A Weblog Dedicated to the Discussion of the Christian Faith and 21st Century Life

A Weblog Dedicated to the Discussion of the Christian Faith and 21st Century Life
I do not seek to understand that I may believe, but I believe in order to understand. For this also I believe, –that unless I believed, I should not understand.-- St. Anselm of Canterbury (1033-1109)

Wednesday, August 24, 2016

A Banquet Where Strangers Are the Guests of Honor: A Lectionary Reflection on Luke 14:1, 7-14

Luke 14:1, 7-14

At the typical wedding reception today, the guests of honor are the bride and the groom, and the wedding party that sits at the table of honor centrally located in the front of the room. Closest to them are the bride and groom's immediate family--parents, grandparents and others. The farther away are more distant relatives, then friends, and finally those who sit farthest away are the friends of friends and friends of friends of friends--those on the margins of the list of invitees. They not only sit farthest away, but they are the last ones served or last to be invited to the buffet table.

Imagine for a moment a wedding reception where conventional custom is turned upside down. Those at the central table, sitting in the seats of honor are strangers who were just invited off the street by the bride and groom who ventured out of the church just after the ceremony to extend the invitation. Those closest to that table of honor are the friends of friends and the friends of friends of friends, and then the close friends, then distant relatives, and finally... those farthest from the table of honor are the groom and bride's immediate family with the newly married couple and the wedding party seated in the corner of the room away from the center of attention. And then when serving time comes the bride and groom are served last while the strangers off the street at the table of honor are invited to the buffet table first.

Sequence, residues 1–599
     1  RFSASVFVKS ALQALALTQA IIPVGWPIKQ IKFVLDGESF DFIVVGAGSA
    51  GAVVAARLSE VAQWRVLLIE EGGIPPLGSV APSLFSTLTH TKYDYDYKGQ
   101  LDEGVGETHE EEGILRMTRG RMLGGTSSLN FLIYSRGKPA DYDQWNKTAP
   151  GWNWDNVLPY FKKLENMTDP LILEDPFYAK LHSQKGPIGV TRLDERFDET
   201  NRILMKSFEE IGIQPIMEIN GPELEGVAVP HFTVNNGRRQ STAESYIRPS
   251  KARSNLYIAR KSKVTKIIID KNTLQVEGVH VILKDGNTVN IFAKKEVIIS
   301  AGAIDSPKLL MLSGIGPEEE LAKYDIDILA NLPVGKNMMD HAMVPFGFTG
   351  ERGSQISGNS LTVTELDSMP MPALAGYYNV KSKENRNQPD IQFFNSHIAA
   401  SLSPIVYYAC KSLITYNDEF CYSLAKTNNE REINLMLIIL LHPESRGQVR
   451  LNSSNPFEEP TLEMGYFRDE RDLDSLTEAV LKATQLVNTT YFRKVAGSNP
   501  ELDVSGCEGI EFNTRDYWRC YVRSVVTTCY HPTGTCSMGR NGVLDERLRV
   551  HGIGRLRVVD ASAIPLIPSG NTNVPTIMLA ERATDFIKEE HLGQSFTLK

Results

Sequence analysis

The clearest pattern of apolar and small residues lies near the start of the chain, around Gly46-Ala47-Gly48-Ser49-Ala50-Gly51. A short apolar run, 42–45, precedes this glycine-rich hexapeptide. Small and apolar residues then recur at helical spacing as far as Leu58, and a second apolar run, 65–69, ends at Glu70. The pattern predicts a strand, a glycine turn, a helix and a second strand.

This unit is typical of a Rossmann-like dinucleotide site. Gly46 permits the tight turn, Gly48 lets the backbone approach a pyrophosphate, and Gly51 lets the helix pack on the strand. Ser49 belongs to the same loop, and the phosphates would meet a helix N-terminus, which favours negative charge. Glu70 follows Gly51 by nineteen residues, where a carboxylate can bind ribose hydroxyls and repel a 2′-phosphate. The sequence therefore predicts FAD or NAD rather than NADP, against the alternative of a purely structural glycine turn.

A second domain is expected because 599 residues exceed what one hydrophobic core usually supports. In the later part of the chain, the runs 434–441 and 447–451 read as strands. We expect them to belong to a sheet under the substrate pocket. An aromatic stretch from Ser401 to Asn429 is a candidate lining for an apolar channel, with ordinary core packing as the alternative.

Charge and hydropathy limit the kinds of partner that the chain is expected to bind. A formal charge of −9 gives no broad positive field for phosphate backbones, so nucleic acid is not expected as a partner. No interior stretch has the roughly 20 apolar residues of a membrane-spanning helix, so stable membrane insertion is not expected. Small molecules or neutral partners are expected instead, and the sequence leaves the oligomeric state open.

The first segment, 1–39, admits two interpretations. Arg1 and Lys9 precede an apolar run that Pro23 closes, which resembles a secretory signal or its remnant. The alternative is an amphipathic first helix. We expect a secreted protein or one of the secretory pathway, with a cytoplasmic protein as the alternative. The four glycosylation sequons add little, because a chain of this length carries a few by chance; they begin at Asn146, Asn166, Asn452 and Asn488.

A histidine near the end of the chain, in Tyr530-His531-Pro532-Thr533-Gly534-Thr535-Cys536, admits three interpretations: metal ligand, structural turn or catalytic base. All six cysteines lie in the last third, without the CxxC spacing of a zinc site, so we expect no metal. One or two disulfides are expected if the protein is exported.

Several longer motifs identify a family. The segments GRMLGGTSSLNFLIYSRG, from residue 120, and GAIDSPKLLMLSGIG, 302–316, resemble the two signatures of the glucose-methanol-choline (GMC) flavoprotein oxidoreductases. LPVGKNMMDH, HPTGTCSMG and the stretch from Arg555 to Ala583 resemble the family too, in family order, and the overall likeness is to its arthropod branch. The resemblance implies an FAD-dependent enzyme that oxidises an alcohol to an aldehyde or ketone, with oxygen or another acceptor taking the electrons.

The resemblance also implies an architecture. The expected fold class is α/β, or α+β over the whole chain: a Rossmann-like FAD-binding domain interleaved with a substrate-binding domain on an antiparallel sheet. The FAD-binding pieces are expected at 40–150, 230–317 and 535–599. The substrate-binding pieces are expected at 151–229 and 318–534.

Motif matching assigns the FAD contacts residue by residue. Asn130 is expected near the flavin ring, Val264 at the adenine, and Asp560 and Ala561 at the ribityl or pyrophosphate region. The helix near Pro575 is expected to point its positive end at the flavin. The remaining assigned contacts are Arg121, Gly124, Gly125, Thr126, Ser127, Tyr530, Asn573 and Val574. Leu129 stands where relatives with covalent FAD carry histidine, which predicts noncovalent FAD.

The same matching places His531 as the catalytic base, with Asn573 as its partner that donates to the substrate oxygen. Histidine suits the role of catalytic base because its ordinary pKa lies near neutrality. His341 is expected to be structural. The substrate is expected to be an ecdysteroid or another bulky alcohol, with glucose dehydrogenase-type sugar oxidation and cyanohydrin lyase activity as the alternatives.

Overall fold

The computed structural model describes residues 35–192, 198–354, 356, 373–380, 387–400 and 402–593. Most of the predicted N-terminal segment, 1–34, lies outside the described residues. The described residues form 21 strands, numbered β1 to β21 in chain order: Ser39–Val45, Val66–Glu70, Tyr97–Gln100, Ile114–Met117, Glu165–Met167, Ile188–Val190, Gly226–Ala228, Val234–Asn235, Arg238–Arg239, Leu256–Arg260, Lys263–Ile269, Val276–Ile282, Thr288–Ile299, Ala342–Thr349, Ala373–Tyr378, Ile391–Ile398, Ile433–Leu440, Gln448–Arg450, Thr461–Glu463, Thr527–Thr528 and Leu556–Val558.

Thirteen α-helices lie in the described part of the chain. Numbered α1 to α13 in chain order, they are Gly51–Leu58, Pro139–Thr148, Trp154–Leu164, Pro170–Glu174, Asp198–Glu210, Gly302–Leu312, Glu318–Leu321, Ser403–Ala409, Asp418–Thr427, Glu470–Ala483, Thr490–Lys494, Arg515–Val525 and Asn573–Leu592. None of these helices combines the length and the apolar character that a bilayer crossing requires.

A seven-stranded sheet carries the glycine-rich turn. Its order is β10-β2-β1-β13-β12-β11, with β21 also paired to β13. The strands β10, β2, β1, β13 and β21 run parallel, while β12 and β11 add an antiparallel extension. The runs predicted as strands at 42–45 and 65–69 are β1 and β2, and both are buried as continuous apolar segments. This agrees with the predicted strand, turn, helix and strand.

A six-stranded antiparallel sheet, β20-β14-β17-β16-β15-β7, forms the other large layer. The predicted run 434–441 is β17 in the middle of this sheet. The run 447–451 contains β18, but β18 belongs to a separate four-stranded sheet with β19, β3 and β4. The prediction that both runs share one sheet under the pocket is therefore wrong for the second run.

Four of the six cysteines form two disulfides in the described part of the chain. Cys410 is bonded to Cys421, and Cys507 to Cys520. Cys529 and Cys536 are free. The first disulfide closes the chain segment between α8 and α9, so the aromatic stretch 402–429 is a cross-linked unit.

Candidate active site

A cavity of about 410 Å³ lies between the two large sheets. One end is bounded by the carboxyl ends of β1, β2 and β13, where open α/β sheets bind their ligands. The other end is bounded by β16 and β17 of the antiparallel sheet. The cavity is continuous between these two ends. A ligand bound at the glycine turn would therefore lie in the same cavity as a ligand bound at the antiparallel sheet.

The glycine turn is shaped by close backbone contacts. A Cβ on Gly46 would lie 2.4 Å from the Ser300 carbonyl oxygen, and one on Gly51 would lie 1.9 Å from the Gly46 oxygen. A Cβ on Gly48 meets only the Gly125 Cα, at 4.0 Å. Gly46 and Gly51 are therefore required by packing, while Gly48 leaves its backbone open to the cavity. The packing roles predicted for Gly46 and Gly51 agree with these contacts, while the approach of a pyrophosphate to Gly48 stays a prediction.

It would be quite the surprising and scandalous scene, to be sure, but it would reflect exactly what Jesus is getting at in Luke 14. Here, Jesus turns the notion of honor on its head and taking shots at the conventional customs of his day (which he did so well) that excluded those on the margins of society.

In order to understand more fully the punch of Jesus' words, we have to know a little about the honor and shame culture in which Jesus' lived. Emerson Powery writes,
In an honor and shame culture, avoiding shame is of the utmost importance. This is not simply embarrassment. Public shame may have tangible implications for the shamed. A family's bartering practices or marriage proposals can be negatively affected by a public shaming, if the shame is significant enough.
On the opposite end, public honor -- determined, in this story, by the host -- may come to those who express public humility. Jesus expresses expectations for hosts (cf. 14:12-14). His words are a challenge to the honor system embedded in first-century culture. To secure one's place in this system, it was appropriate to invite friends, family, and rich neighbors. Reciprocal requests would ensue, as the public acknowledgement of an honorable person may bring its own rewards.
But Jesus calls into question this type of caste system, imagining instead hosts who choose to associate with people who are "poor, crippled, lame, and blind" (14:13) as their new network. The problem for hosts, however, as Jesus explicitly recognizes, is that no honor is forthcoming in return. Rather, it's an investment in the future.
We may not live in an honor and shame culture in the way Jesus and his contemporaries did, but in so many ways how we practice hospitality is not much different from the critics of Jesus and those whom he criticized in return. The all-too-human temptation is to gravitate to those who are "like us," socially, economically, intellectually." And in our polarized political environment, we even find it difficult to associate with folks whose politics differ from ours. We invite those into our social circle who can in return invite us into theirs, we repay the honor of being included by returning that honor to those who have so honored us.

But Jesus challenges us to a different way-- the kingdom way in which the guests of honor are not deemed so by conventional custom, but by the God who came in human flesh to honor all of humanity by giving himself in shame on a cross. And Jesus seems to think that those who desire to follow him should reflect that new kind of kingdom honoring to those who have nothing to pay in return because, after all, who can ever hope to repay what Jesus did for us in his death?

The great kingdom banquet that is coming will look nothing like any banquet we have seen before. Jesus thinks our earthly banquets should begin to reflect, to glimpse that kingdom now.

So, who is on our guest list?

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